A federal judge dismissed a lawsuit filed by New York businessman Paul Ceglia against Facebook Inc and its founder Mark Zuckerberg, adopting findings by a magistrate judge that a purported contract entitling him to an ownership stake in the company was fake, according to court documents.
Ceglia's 2010 lawsuit against Facebook and Zuckerberg underlay a subsequent federal prosecution in Manhattan, in which Ceglia was accused of forging a 2003 contract with Zuckerberg that supposedly entitled him to a part-ownership interest in the social networking company.
Facebook argued that the only contract between the two men was related to Ceglia's company, StreetFax.com, and accused Ceglia of faking various documents as part of his lawsuit. Zuckerberg had previously done some programming work for StreetFax.com.
U.S. District Judge Richard Arcara in Buffalo, New York, on Tuesday dismissed Ceglia's lawsuit, on the grounds that the contract was a "fabrication" and alternatively due to evidence spoliation.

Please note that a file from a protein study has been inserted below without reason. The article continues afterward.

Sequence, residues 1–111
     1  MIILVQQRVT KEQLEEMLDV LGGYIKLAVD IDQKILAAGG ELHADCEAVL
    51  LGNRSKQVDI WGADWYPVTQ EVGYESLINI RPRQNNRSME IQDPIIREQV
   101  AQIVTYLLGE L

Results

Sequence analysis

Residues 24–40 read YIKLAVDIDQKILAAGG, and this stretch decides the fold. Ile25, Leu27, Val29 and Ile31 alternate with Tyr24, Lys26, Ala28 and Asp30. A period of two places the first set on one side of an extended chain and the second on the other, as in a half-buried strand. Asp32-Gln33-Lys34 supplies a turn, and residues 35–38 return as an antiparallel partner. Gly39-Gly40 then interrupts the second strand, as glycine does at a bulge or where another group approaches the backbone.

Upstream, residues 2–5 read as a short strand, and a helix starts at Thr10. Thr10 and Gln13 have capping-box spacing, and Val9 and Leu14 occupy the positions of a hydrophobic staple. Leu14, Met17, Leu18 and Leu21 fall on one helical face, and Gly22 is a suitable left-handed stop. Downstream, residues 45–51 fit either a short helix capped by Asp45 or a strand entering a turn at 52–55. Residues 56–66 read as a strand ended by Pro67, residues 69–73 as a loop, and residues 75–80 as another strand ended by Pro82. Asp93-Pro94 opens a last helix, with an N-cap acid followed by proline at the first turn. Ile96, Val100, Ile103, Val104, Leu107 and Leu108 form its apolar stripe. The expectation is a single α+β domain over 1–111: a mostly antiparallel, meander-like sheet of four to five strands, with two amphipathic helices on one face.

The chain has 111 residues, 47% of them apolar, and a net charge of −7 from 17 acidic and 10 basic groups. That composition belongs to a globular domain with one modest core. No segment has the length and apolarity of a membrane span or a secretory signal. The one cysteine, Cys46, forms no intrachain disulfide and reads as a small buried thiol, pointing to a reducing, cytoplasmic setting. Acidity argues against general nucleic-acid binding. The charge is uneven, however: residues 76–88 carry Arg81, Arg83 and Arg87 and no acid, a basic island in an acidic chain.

"Today's ruling vindicates what we have said from the outset: this case is a fraud," Colin Stretch, Facebook's general counsel told Reuters in an e-mail.
The judge in a separate ruling Tuesday dismissed a lawsuit by Ceglia seeking to prevent Manhattan U.S. Attorney Preet Bharara from prosecuting him over conduct in the lawsuit over the Facebook ownership stake.
The decision followed a ruling earlier this month by a federal judge in Manhattan refusing to dismiss an indictment charging Ceglia with mail and wire fraud.
Civil lawyers and criminal defense lawyers for Ceglia were not available for comment.
The civil case is Ceglia v. Zuckerberg et al, U.S. District Court, Western District of New York, No. 10-00569.
The criminal case is U.S. v. Ceglia, U.S. District Court, Southern District of New York, No 12-cr-00876.
(Reporting by Rohit T. K. and Narottam Medhora in Bangalore; Additional reporting by Jonathan Stempel and Nate Raymond; Editing by Kenneth Maxwell)